Posted in Temples

Back to Eden

Most LDS temples are surrounded by beautiful landscaped grounds. These provide a peaceful atmosphere and a place for reflection. However, they also serve an important symbolic purpose: they remind us that the Garden of Eden was the first place on earth where mankind stood in the presence of God. The Garden of Eden can be regarded as the earth’s first temple.

In Genesis 3:8 we read:

‘And they heard the voice of the Lord God walking in the garden in the cool of the day…’

Perhaps it was a common experience for Adam and Eve before they were cast out of the Garden to commune with God as he walked in the Garden. The same Hebrew word translated as ‘walking ’is used in a number of places in the Old Testament to describe the Lord’s presence in the tabernacle and temple:

‘I will make my dwelling among you, and my soul shall not abhor you. And I will walk among you and will be your God, and you shall be my people.’ (Leviticus 26:11-12; see also Deuteronomy 23:14 and 2 Samuel 7:6-7)

It seems likely that Solomon’s temple reflected the concept of the Garden of Eden as a temple. The Jewish Encyclopaedia (1906) says that the abode of God was a ‘garden of Eden.’ And in the Book of Jubilees, an ancient Jewish religious work, we read:

‘ …the Garden of Eden is the holy of holies, and the dwelling of the Lord… (Jubilees 8:19)

The prophet Ezekiel in the Old Testament links the Garden of Eden with the temple, ‘the holy mountain of God’:

Thou hast been in Eden the garden of God; every precious stone was thy covering, the sardius, topaz, and the diamond, the beryl, the onyx, and the jasper, the sapphire, the emerald, and the carbuncle, and gold: the workmanship of thy tabrets and of thy pipes was prepared in thee in the day that thou wast created.

Thou art the anointed cherub that covereth; and I have set thee so: thou wast upon the holy mountain of God; thou hast walked up and down in the midst of the stones of fire. (Ezekiel 28:13-14)

The Lord gave very explicit and detailed instructions on the construction and ornamentation of Solomon’s temple which included extensive garden imagery.

‘And the cedar of the house within was carved with knops and open flowers: all was cedar; there was no stone seen.’ (1 Kings 6:18)

‘And he carved all the walls of the house round about with carved figures of cherubims and palm trees and open flowers, within and without.’ (1 Kings 6:29)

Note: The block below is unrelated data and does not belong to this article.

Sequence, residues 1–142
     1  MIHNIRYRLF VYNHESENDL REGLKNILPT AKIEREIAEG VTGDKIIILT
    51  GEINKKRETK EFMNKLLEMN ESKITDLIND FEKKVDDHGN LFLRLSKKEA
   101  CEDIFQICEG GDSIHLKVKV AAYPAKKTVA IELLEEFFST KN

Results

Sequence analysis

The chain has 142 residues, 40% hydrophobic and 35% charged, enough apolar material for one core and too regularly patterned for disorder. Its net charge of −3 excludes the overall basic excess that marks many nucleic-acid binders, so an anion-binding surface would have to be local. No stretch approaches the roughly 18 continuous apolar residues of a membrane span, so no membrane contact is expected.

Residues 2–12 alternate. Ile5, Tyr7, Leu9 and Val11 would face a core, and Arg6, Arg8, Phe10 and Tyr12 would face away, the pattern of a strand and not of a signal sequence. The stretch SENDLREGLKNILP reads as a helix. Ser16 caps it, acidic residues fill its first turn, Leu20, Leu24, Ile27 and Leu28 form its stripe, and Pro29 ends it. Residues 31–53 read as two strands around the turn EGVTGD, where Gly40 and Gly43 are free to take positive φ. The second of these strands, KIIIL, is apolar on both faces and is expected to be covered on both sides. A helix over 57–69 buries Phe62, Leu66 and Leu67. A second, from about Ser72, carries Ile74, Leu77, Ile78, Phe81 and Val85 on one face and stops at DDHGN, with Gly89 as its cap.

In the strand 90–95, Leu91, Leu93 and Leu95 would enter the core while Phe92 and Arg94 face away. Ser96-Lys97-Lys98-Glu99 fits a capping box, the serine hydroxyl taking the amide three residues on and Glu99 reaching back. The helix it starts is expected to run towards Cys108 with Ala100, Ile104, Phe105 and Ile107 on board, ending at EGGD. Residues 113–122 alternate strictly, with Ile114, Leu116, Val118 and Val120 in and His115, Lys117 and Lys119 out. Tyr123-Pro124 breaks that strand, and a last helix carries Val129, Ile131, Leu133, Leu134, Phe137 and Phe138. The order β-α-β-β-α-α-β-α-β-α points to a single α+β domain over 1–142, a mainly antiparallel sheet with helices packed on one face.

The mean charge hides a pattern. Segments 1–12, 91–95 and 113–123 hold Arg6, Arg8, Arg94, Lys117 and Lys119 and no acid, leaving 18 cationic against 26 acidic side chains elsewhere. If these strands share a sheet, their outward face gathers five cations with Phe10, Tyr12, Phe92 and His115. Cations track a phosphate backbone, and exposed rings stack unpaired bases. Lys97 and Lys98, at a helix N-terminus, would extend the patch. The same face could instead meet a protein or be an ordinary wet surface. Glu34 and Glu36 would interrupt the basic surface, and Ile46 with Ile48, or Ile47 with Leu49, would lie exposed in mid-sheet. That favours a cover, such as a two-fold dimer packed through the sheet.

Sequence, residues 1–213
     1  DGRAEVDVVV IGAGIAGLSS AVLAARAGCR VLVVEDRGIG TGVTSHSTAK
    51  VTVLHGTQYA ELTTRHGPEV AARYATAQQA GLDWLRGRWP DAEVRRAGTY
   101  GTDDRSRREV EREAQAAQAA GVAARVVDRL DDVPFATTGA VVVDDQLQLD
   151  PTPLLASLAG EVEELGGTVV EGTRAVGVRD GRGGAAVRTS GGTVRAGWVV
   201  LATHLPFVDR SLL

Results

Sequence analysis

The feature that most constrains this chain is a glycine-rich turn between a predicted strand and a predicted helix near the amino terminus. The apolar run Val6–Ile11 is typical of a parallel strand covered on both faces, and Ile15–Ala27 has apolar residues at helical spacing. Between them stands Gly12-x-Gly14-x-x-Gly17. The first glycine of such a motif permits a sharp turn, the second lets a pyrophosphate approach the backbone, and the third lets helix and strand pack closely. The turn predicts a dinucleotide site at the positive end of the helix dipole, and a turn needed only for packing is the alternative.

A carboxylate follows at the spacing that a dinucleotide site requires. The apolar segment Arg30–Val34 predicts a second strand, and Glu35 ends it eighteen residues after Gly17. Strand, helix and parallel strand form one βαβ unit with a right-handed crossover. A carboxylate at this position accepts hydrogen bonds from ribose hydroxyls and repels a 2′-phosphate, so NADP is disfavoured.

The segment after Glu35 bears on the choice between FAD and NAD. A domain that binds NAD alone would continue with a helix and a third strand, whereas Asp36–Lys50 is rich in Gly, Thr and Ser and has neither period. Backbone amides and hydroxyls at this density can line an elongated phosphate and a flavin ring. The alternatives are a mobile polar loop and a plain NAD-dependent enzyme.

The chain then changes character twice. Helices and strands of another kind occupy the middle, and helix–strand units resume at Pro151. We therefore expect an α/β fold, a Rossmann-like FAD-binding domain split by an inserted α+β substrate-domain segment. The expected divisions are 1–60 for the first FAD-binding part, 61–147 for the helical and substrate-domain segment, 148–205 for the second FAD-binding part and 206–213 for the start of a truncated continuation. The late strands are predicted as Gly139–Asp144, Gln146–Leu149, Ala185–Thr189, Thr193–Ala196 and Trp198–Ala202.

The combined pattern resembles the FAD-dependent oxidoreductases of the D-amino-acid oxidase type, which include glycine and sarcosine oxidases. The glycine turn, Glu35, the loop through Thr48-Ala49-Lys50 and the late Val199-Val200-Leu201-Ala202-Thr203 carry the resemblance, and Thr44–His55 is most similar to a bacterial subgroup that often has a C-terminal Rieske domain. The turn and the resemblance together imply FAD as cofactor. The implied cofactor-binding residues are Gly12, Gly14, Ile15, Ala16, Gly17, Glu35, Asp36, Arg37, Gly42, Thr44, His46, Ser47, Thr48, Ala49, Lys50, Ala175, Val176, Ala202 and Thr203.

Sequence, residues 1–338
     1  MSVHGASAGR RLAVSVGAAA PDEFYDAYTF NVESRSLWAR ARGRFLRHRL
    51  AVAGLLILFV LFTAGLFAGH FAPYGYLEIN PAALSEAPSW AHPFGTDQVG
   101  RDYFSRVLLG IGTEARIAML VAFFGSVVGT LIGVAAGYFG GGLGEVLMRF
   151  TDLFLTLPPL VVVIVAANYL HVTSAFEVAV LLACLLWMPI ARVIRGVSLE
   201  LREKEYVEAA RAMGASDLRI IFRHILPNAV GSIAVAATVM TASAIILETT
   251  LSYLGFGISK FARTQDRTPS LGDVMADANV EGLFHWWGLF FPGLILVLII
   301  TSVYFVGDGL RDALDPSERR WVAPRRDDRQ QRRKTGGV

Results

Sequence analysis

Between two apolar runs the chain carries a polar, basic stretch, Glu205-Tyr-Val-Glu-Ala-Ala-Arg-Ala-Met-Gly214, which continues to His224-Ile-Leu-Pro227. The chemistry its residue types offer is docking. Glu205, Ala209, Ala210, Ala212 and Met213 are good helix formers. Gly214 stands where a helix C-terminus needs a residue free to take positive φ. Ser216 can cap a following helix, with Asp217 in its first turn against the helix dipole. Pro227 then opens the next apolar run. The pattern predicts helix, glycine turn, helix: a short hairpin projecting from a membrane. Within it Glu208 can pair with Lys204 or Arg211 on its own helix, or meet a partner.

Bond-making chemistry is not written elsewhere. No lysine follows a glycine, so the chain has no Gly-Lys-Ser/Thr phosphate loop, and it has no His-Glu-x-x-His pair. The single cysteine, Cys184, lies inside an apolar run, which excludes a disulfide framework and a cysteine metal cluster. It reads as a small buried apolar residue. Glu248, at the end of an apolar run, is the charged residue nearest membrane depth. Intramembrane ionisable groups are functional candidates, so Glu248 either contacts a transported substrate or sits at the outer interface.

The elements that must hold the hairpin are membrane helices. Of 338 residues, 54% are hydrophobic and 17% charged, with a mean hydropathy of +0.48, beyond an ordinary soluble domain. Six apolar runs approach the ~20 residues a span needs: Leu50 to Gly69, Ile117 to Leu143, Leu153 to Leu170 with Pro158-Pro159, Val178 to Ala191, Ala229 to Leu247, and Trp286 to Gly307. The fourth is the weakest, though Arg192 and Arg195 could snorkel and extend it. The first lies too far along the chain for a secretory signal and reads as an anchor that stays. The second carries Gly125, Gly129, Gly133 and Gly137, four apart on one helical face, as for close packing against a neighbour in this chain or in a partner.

‘The two doors also were of olive tree; and he carved upon them carvings of cherubims and palm trees and open flowers, and overlaid them with gold, and spread gold upon the cherubims, and upon the palm trees.’ (1 Kings 6:32)

‘And he carved thereon cherubims and palm trees and open flowers: and covered them with gold fitted upon the carved work.’ (1 Kings 6:35)

Even the robes of the temple priests contained garden symbols:

‘And they made upon the hems of the robe pomegranates of blue, and purple, and scarlet, and twined linen.

And they made bells of pure gold, and put the bells between the pomegranates upon the hem of the robe, round about between the pomegranates;

A bell and a pomegranate, a bell and a pomegranate, round about the hem of the robe to minister in; as the Lord commanded Moses.’ (Exodus 39:24-26)

As we enter the temple grounds and enjoy the beauty of the landscaping, we are reminded that it is possible for mankind to be reconciled to God and enjoy his presence as Adam and Eve did in the Garden of Eden before they were cast out.

LDS writer Beverley Campbell says:

‘ We in essence enter Eden when we enter the temple, for there, as in Eden, we are in a place wherein God can dwell, wherein we can make covenants, receive ordinances, and learn all that is necessary to find our way back to our heavenly home.’ (Beverley Campbell, Eve and the Choice Made in Eden).

The pools found near some temples (for example, the Preston and London Temples) bring to mind several scriptures which link water and temples. Joel 3:18 says that ‘a fountain shall come forth from the house of the Lord’. Ezekiel 47:1-12 presents a vivid image of healing waters flowing from the temple.

S Michael Wilcox writes:

‘The first time we enter a temple, we barely get our feet wet. We are barely introduced to the Lord’s light and love. What a tragedy it is when members of the Church judge the temple to be shallow or not deeply refreshing based on that first experience. Yet all of us know that on a hot summer day, wading even ankle deep in a cool stream brings instant refreshment and a hesitancy to leave the flowing water to return to our shoes. In light of this, it is not difficult to feel Moses’ sense of wonder when he was told to ‘put off thy shoes from off thy feet, for the place whereon thou standest is holy ground.’ (Exodus 3:5.)

Elder Widtsoe cautioned that it is not fair ‘to pass opinion on temple worship after one day’s participation followed by an absence of many years. The work should be repeated several times in quick succession, so that the lessons of the temple may be fastened upon the mind.’ (“Temple Worship,” p. 64.)

Little do the casual waders know that down the river, if they will patiently persist, are life-giving, healing ‘waters to swim in.’ For the water rises each time we wade. Little do they realize the power of those waters to heal the disharmony of our lives, our families, and eventually the world.’ (S. Michael Wilcox, House of Glory: Finding Personal Meaning in the Temple [Salt Lake City: Deseret Book Co., 1995], 41 – 43)

So, next time you visit an LDS temple and wander through the grounds take time not only to enjoy the beauty of nature but also consider the spiritual messages being taught in that garden setting.

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